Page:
Surfaces 2017 Review: Product manufacturers push the design envelope - March 2017
By Darius Helm, Jessica Chevalier and Anne Harr
This year’s Surfaces show, held at Las Vegas’ Mandalay Bay Convention Center in mid-January, was one of the best in recent years, not so much in terms of the statistics-though both exhibitor numbers and the total net square footage showed growth-but more because of the actual floorcovering introductions, with innovations on the face, core and back of the products, and designs that were inventive, bold and fashion forward.
With a couple of years of improving numbers, it looks like Surfaces, the largest residential flooring show in the Western Hemisphere, is managing to stay relevant. It helps that Mohawk is back in force, anchoring one end of the show floor, with Mannington anchoring the other. And dealers were feeling optimistic, based on a late surge in activity toward the end of last year. Exhibitors were up about 5% to 736 (for a total of 800 brands), and the net square footage was also up about 5% to nearly 420,000 square feet, according to Informa PLC, which owns and operates the trade show.
Product trade shows have their detractors-after all, they can be costly, time-consuming and in many ways disruptive-but they do offer unique opportunities, like the opportunity to influence first-hand a massive audience that will in turn, if moved, influence others. And as one industry veteran put it, likening the show to Detroit’s auto shows, “Everyone is on the stage together.” It drives manufacturers to step up their game and put their best foot forward.
It also helps when the competition surges, as it is doing on the hard surface side with LVT and its blue-eyed boy, rigid LVT. Just a few years ago, there were only a few LVT producers in the market, most of them specialists in the category. Now the specialists are competing with LVT programs from hardwood producers, laminate manufacturers and carpet mills-even Interface on the commercial side has an LVT program. And now the same thing is occurring with rigid LVT, the category launched by US Floors just four years ago.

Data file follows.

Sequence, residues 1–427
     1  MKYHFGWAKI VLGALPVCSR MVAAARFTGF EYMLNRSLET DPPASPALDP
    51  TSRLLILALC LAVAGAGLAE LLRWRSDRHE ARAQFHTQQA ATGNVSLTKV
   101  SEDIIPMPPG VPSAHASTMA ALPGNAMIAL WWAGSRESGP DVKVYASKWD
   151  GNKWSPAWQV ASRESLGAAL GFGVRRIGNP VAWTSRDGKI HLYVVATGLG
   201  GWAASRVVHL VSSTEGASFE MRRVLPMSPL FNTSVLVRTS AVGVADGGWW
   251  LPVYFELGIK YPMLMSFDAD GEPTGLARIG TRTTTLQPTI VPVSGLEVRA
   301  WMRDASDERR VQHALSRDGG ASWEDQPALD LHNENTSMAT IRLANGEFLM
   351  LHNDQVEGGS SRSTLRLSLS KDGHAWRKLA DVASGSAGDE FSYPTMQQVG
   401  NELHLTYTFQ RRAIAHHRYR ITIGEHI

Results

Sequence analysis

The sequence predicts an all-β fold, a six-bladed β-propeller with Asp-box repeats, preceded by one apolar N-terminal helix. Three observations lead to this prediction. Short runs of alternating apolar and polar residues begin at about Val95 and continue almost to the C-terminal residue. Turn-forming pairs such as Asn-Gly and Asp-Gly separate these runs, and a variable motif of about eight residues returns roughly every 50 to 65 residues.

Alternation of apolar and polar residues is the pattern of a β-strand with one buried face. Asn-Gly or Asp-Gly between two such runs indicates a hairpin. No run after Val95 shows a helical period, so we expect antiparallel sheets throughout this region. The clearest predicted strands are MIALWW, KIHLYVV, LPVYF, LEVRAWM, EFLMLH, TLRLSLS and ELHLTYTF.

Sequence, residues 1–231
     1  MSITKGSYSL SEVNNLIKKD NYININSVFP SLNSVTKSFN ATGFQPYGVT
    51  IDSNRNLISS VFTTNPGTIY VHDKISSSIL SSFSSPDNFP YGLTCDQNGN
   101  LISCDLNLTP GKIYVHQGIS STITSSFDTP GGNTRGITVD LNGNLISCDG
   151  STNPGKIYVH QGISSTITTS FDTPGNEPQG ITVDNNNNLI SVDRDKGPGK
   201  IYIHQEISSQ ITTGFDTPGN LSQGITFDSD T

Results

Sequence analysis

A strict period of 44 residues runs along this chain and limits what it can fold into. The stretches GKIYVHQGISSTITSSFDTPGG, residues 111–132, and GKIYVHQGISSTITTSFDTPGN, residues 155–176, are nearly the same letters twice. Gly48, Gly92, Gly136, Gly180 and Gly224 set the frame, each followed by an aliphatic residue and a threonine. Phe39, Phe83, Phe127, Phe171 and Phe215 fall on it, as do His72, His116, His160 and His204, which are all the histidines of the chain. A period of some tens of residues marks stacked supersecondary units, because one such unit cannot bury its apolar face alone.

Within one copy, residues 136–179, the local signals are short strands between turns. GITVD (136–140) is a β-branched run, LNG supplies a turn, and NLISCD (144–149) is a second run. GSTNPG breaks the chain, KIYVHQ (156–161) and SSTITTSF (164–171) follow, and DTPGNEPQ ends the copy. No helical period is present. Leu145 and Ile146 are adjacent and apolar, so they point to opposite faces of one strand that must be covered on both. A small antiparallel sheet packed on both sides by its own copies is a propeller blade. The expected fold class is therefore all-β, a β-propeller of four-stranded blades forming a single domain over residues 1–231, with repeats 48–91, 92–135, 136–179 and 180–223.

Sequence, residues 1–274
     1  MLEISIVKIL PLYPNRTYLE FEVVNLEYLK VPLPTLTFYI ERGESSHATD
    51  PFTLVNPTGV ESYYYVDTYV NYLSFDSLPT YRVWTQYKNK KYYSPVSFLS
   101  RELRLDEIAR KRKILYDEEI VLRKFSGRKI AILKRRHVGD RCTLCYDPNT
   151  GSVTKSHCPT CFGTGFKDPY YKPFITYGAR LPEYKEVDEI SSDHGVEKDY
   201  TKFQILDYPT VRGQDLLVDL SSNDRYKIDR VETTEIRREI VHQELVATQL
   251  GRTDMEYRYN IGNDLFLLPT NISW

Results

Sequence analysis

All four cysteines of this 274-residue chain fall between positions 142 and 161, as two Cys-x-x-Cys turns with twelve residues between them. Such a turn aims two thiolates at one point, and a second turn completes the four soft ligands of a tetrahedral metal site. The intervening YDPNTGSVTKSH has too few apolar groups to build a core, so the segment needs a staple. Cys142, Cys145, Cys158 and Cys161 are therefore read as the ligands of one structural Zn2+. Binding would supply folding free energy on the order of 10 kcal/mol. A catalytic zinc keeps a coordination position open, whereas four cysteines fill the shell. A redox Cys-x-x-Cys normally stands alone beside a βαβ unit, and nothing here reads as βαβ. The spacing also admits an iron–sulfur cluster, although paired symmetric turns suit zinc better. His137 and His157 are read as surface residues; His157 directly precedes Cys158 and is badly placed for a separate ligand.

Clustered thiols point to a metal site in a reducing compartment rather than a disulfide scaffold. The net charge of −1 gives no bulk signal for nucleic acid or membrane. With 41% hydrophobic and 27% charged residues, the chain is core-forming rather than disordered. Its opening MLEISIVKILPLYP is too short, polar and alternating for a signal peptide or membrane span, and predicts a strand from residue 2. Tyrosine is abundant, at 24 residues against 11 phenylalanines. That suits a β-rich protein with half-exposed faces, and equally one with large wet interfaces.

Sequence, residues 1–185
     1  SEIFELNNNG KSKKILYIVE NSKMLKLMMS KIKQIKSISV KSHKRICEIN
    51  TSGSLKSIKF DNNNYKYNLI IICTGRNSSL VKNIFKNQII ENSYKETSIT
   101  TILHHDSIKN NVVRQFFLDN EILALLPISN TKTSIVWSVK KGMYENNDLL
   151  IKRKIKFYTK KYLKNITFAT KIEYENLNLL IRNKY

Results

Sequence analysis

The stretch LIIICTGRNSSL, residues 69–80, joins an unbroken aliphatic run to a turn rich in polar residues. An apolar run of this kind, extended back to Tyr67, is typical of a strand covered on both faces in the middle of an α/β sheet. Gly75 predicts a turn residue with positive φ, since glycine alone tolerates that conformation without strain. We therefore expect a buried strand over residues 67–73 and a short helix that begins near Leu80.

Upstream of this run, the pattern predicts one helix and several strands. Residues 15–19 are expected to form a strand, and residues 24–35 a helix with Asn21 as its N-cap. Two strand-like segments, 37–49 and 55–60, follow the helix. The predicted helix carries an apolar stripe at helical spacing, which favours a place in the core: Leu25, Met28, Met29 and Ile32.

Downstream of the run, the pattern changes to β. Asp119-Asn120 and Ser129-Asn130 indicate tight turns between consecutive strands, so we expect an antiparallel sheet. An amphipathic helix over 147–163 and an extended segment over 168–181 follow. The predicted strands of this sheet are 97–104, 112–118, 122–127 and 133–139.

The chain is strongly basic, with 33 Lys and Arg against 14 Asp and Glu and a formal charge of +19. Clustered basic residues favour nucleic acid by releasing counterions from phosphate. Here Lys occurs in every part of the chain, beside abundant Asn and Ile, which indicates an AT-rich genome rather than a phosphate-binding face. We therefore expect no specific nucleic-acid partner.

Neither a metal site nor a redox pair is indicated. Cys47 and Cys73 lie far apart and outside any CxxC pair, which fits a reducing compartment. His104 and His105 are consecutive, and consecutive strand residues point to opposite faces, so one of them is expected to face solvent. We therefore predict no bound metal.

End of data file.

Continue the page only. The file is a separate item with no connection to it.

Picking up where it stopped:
On the soft surface side, it’s a different sort of story, with carpet losing share to hard surface flooring and losing value from commoditization. So the efforts there have been about adding value, and at this year’s show most of the carpet mills were squarely focused on showcasing their worth with new patterns, colors and constructions. And there was plenty of thicker, denser, tighter gauge product.
In terms of patterns, the strongest trend was the sheer number of them. With barely a monolithic frieze in sight, carpet mills on the whole embraced patterns, from traditional motifs to commercial-inspired designs to entirely new design directions. At the higher end, there were plenty of mixed-fiber offerings, with colors and luster levels adding depth, dimension and visual interest. State-of-the-art tufting machinery was utilized to its fullest, creating textures, carved impressions, multicolored designs and even looks echoing hardwood visuals like distressed concrete and hardwood graining.
Performance was also a big driver on the carpet side, with all sorts of treatments and wicking layers to contain and release moisture, depending on the need. Solution-dyed fibers were more prevalent than ever. And in polyesters, the market overall crept up in value and price points, with thicker constructions and more sophisticated patterns.
In carpet colors, blues were hot, though not too vibrant or high chroma. Dusty, smoky pale and mid-range blues, and even some greens, livened up the grey and taupe palettes. In general, colors were light and fairly warm.
On the hard surface side, the trends toward planks and large formats were alive and well, but the end is in sight-for a range of reasons, from shipping to installation, these products can only get so big, and they’re just about there. So now manufacturers are starting to play with formats in other ways, like thinner planks for more installation options and, most notably, mixed formats like multi-width, multi-length planks boxed together. In both resilient flooring and ceramic tile, hexagons are hot.
Matte finishes and oiled looks are still hot, but now there’s more nuance. New double-stained looks give wood grain contrasting depth. And there were a lot of overlays and other printed effects, mostly in faded, rustic expressions, on hardwoods and hardwood-look products-in other words, on everything. Color jumps within single SKUs are still trending, tempered by a collective realization that there’s such a thing as too busy. And those hardwood designs are continuing to climb up the walls. Several manufacturers offered dedicated wall covering programs.
In laminate flooring, the strongest trend relates to construction, with the development of moisture resistant laminate to compete with rigid LVT, which is waterproof.
One interesting counter-trend was high gloss in porcelain. Without a doubt, matte and honed finishes are still the leading trend, but several porcelain manufacturers showcased lines of high gloss tiles, or collections available in both high and low gloss.
For the full Surfaces Highlights story, see the March 2017 issue of Floor Focus Magazine.
Copyright 2017 Floor Focus